Black youth make up two-thirds of the kids in Milwaukee's foster care system.

This worries Jermaine Reed. He is determined to make foster care a more effective system -- especially for black youth.

He calls foster care an incubator for the criminal justice system.

Jermaine is the executive director of Fresh Start Family Services, Wisconsin’s first private placement agency run by an African American. He also hosts Fresh Start Today, a radio program on WNOV dedicated to educating the black community about child welfare.

John Klein / Milwaukee Journal Sentinel

Destiny Boone remembers her daughter Za'layia as a sassy, creative girl who loved to rap, write and help take care of her younger siblings.

Destiny is still wrapping her head around losing her nine-year-old daughter. Za’layia was the victim of a stray bullet that struck her during a shootout on May 5th, 2016.

As the family copes with the loss of a child, Destiny’s aunt, Ramona, is working to make sure Za’layia is never forgotten.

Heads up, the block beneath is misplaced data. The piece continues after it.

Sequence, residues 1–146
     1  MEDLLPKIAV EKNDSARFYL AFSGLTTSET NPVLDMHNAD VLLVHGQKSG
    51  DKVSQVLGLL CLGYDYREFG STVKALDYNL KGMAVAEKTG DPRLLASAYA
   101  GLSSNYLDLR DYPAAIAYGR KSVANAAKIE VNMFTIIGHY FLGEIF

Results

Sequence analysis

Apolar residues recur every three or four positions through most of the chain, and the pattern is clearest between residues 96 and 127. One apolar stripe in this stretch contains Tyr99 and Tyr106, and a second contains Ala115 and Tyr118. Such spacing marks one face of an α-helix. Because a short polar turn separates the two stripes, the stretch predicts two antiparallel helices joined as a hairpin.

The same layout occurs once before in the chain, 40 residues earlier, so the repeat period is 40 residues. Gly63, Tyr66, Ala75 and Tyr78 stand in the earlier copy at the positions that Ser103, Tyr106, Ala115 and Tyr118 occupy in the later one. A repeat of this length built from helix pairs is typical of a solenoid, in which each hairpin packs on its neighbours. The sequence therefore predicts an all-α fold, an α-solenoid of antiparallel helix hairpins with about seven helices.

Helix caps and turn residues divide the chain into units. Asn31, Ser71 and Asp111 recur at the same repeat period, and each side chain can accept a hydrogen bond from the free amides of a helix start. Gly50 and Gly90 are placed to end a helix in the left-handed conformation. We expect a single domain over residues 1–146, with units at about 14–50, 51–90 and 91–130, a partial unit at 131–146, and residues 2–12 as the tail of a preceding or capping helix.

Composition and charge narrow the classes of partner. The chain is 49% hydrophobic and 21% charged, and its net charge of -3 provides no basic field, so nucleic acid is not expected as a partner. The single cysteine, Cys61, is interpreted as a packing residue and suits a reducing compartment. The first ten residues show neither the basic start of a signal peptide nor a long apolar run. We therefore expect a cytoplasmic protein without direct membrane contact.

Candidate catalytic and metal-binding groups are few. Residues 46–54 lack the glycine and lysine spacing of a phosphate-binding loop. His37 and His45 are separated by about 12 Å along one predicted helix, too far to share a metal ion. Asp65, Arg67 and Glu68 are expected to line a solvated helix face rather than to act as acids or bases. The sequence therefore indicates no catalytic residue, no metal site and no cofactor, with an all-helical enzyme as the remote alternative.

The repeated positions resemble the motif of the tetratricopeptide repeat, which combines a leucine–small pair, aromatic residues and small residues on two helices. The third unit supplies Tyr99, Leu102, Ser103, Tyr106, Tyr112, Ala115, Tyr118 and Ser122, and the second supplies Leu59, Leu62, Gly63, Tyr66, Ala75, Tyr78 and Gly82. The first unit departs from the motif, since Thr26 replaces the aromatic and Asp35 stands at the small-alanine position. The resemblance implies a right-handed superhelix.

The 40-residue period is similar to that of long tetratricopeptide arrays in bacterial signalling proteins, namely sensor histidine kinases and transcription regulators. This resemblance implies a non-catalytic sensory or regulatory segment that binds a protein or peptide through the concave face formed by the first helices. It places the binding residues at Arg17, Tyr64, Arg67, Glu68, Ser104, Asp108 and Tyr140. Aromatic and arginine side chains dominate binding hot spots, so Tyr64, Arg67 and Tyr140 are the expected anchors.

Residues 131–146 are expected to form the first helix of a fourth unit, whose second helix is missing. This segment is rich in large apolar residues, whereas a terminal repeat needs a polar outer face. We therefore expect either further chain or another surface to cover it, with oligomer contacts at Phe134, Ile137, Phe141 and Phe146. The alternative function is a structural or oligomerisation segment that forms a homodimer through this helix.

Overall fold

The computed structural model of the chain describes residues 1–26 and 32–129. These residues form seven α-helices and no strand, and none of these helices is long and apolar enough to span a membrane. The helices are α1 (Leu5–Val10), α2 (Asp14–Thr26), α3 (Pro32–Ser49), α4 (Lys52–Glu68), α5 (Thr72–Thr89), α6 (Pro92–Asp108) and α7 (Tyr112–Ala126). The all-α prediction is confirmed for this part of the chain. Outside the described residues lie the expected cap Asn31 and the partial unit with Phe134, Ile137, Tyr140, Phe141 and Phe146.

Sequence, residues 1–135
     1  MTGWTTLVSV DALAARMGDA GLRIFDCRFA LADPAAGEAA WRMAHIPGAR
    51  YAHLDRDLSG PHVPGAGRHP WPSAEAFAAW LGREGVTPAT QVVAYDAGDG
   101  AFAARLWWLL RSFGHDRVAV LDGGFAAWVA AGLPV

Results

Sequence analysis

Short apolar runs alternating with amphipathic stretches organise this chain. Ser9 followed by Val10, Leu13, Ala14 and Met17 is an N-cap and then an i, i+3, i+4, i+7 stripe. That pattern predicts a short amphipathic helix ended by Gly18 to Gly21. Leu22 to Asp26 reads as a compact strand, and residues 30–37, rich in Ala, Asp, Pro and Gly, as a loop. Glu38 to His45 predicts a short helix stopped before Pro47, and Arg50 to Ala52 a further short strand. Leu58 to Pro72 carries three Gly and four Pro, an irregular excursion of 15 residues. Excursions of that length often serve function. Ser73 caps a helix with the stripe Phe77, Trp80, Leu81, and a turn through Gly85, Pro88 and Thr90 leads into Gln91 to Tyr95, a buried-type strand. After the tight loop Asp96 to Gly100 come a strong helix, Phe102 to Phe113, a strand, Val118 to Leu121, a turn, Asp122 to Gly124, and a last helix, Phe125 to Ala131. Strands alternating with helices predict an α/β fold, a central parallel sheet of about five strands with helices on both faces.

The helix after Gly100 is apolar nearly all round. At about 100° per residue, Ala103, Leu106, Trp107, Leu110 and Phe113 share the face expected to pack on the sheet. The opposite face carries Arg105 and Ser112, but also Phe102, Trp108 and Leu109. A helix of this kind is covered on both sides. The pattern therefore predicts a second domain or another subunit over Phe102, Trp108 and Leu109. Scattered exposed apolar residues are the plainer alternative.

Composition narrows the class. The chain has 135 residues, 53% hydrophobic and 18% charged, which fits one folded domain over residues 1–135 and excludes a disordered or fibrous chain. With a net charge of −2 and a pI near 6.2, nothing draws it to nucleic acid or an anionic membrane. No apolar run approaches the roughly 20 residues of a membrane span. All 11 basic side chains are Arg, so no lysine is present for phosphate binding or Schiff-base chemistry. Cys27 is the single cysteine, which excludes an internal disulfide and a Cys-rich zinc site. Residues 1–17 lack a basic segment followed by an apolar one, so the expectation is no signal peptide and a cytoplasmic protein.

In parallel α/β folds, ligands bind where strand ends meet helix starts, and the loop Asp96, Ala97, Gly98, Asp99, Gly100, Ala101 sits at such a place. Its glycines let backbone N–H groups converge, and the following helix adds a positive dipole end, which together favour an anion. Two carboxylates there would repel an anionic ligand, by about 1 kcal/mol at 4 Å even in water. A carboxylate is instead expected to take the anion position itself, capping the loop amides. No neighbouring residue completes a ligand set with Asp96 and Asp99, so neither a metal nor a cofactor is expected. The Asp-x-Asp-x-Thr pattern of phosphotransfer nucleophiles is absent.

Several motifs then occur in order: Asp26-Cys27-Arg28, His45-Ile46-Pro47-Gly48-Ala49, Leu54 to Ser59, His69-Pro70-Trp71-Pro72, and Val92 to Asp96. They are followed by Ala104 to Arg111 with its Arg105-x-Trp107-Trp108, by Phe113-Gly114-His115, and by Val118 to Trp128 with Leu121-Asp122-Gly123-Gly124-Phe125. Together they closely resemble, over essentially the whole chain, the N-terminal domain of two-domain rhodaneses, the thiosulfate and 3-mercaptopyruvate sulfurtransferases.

Photo courtesy of Beverley Moore

Beverley Moore grew up amid gun violence in the inner city. When she became a mom, she made the decision to move to the suburbs because she worried about her son's safety.

For the most part, Beverley has found what she was looking for: a sense of peace and relaxation.

But even now, guns are a fairly ubiquitous part of her life. Her friends have lost loved ones, her ex-husband’s job keeps him in close proximity to violence, and the families she works with in the foster care system are often impacted by gun violence.

Courtesy of the City of Milwaukee

Police aides Sergio Rivera and Jada Greer grew up skeptical of police officers, and in communities where they weren’t phased by gunfire.